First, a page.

UAV Unmanned Air Vehicle
UAV Unmanned Aerospace Vehicle
UAV Unmanned Airborne Vehicle
UAV Uninhabited Air Vehicle
UAV Urban Assault Vehicle
UAV Unpiloted Aerial Vehicle (less common) hovering over your head. You have to know who it is and what they are doing. If necessary, you have to shoot them down."
Lennox is working with other senior Army officials to secure funding for technologies that help commanders create a cohesive picture of the airspace. One existing technology, called the "advanced warfare environment," started out as experimental software designed to link the sensors and weapons in Patriot (anti-missile) and Avenger (anti-aircraft) air-defense units. With this software, the Army Space and Missile Defense Command Space and Missile Defense Command (SMDC) is a specialized major command within the United States Army. The SMDC is an organization composed of five components:
In a broader sense, technologies that assist in air traffic management and air defense change the dynamics of how the Army organizes and deploys forces, he says.
An air-defense battalion commander In the United States Army and United States Marine Corps, the commanding officer of a battalion is a Battalion Commander. The position is usually held by a lieutenant colonel, although a major can be selected for battalion command in lieu of an available lieutenant colonel. now holds a much more relevant role, because he can provide "situational awareness" and can contribute more effectively to planning and executing missions, he says. In the past, air-defense units have not been involved in the "joint network" where the actual battle planning occurs, and that is now changing. "This new software allows the battalion command leadership to provide oversight of the battlefield that we didn't have before."
The goal is to give the commander the flexibility to choose the best weapon to destroy a target, regardless of which radar detected that target, he explains. "Currently, if I see something with a Patriot radar, I can't shoot an Avenger from that information. I can't use the Patriot radar to feed the Avenger. I can't fire another system other than Patriot from the Patriot radar.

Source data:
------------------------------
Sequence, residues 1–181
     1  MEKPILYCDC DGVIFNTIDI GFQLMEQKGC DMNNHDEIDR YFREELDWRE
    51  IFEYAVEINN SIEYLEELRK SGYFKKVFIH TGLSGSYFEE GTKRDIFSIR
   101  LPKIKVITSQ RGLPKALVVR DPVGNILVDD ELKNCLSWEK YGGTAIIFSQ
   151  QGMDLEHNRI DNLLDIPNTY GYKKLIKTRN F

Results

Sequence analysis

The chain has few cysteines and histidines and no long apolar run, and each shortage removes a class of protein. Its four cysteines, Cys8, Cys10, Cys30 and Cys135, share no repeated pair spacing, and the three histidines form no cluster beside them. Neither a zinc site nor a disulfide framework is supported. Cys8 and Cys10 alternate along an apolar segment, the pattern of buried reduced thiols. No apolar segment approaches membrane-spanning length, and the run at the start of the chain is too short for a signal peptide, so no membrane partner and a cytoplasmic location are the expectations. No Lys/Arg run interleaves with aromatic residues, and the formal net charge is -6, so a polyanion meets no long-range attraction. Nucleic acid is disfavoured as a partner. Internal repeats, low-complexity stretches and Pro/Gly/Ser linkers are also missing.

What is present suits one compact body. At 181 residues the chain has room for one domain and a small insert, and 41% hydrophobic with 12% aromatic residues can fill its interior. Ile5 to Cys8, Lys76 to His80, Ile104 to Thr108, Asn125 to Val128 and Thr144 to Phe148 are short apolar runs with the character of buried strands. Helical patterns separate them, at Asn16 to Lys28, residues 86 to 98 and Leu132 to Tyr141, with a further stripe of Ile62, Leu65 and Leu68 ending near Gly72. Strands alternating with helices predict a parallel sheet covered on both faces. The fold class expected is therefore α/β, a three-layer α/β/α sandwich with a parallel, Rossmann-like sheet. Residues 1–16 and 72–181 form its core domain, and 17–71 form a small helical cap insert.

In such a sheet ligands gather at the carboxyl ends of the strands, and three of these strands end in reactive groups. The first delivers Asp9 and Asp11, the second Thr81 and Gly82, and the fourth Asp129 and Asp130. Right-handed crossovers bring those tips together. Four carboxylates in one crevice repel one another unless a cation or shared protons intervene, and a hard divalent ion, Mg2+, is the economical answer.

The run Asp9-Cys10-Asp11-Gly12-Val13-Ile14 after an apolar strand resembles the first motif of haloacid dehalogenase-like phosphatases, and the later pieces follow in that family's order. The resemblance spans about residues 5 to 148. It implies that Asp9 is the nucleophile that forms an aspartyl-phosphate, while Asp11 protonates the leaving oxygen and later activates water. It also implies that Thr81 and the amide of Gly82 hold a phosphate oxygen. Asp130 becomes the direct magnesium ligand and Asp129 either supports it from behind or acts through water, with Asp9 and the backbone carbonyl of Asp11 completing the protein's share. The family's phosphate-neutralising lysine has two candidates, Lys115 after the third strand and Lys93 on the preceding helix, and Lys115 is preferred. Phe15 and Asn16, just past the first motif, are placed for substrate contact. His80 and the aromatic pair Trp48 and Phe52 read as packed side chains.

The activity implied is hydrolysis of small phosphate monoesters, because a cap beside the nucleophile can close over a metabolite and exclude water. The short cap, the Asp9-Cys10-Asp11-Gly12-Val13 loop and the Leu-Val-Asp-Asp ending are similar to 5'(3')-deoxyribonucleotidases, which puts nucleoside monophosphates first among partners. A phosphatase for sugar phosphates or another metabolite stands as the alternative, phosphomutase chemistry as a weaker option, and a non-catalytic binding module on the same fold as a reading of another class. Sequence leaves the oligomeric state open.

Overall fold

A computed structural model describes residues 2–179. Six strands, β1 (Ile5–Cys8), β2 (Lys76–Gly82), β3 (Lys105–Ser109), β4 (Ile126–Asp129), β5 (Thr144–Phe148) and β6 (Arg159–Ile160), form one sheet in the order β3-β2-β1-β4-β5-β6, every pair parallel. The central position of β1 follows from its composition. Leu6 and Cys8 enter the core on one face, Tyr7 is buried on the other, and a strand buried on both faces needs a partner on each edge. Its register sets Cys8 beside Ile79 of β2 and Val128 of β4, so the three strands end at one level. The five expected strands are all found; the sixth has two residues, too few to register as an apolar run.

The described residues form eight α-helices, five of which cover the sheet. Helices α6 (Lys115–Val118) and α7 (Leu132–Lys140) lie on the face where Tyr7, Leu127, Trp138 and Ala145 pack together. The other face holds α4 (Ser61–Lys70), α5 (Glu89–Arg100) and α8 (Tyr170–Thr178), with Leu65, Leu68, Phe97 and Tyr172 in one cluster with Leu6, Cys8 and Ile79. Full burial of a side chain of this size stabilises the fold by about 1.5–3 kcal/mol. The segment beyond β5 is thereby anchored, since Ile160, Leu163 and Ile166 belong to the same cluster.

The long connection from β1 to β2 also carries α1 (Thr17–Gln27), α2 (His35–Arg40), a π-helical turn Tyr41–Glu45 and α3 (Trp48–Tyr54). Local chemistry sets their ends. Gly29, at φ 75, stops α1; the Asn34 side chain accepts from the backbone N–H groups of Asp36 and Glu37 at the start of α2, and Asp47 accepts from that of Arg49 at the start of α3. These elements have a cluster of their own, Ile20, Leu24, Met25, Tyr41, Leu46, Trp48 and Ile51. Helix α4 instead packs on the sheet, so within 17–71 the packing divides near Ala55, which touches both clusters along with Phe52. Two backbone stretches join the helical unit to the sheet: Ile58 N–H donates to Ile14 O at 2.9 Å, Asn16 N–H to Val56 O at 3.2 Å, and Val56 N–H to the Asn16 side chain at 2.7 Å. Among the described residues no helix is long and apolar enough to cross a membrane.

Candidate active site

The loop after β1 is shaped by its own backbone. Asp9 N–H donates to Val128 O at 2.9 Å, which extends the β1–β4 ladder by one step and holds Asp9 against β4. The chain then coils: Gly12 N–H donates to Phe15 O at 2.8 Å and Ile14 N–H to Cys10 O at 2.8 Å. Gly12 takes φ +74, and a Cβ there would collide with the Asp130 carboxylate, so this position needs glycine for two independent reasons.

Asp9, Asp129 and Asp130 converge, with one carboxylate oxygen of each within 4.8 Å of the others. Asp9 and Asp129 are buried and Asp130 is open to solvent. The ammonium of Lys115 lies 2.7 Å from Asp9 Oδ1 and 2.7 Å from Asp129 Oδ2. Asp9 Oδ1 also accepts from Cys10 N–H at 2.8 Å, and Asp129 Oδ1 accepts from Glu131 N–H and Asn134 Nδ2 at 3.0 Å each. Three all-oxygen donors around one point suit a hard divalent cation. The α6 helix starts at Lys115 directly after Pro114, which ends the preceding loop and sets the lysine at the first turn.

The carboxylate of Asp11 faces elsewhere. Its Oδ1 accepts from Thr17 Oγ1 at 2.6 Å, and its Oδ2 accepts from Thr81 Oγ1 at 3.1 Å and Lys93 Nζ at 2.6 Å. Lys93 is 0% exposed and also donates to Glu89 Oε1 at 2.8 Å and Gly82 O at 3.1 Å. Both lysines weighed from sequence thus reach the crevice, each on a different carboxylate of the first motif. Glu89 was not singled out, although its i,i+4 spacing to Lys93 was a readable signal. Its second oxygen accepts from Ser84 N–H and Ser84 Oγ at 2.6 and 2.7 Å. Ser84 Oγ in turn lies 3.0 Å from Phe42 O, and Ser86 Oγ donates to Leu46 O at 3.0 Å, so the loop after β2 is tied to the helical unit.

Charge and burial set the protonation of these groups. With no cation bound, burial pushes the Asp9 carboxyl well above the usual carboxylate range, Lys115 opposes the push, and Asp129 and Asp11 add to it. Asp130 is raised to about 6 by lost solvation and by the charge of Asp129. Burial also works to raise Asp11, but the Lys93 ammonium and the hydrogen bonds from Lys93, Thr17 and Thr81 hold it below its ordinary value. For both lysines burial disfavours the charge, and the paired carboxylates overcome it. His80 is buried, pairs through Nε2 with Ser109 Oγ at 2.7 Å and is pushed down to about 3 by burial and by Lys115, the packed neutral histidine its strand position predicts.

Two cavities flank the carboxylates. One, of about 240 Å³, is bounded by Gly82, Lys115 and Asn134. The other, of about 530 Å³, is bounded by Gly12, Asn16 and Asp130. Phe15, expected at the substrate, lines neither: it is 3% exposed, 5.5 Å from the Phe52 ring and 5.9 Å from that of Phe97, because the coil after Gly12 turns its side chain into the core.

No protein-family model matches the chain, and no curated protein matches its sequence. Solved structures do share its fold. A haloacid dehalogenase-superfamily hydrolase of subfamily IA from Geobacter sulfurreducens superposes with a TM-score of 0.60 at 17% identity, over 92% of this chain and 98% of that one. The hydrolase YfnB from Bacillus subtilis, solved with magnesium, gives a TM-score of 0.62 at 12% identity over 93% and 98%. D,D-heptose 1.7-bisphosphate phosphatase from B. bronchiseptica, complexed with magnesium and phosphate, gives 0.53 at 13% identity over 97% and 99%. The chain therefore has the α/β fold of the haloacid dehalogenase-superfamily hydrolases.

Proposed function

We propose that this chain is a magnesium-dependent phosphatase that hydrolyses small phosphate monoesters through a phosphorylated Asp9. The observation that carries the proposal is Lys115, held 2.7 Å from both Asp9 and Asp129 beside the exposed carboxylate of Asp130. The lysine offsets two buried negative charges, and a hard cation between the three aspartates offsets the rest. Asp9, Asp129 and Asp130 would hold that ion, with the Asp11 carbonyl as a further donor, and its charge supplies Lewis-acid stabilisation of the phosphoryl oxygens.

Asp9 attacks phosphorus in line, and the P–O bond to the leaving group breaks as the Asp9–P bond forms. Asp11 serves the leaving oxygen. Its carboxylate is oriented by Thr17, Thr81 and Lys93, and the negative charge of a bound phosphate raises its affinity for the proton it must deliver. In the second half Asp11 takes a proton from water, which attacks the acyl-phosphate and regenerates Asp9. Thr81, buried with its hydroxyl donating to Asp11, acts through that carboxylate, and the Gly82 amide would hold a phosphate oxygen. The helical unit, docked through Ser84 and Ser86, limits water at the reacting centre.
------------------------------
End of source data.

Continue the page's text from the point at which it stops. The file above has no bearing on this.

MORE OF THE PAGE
"What we are hoping to do is tie these systems together and match the best shooter with the best target," says Lennox. The intent is to avoid having to shoot down a low-tech UAV with a $3 million Patriot missile. "I have to be able to share the tire-control data from every radar to every shooter. That allows me to make optimum use of the ammunition."
The Army's air-defense force currently is going through a major reorganization. Whereas the force previously was divided into air-defense and missile-defense battalions, it will now have "composite" air-missile defense units. Six battalions are expected to be fielded. So far, three are in place: one at Fort Bliss, another in South Korea and a third at Fort Hood, Texas.
The Space and Missile Defense Command, meanwhile, is seeking to expand the uses for the networking software that it developed for the Army's air-missile defense force.
The advanced warfare environment has been in development since the late 1990's. The Air Force adopted the technology when it deployed air-defense command centers in the Washington, D.C., area, shortly after 9/11, says Larry Burger, director of the future warfare center at the Space and Missile Defense Command.
The Air Force is adapting the software for its UAV hub at Nellis Air Force Base Nellis Air Force Base (IATA: LSV, ICAO: KLSV) is a United States Air Force base, in Clark County, Nevada, on the northeast side of Las Vegas. It is also treated as a census-designated place by the United States Census for statistical purposes, and so specific , Nev., and the Marine Corps has deployed this technology at a UAV operations center in Iraq.
The technology, Burger says, also is being applied in intelligence centers to fuse data from space, including navigation, commercial and military imagery.
The Space and Missile Defense Command, however, has had a tough time securing funding for this technology. "We are working with the Department of the Army to get all the approvals and [long-term] funding," Burger says. "We are in the middle of it, and I think we are making progress."
Linda Beach, an engineer who oversees the advanced warfare environment project, says she is hopeful that the technology soon can be "rolled into a real program." As is the case with many projects coming from small organizations, she says, lack of resources slows things down. "It's not the technology. Everything here is a financial problem."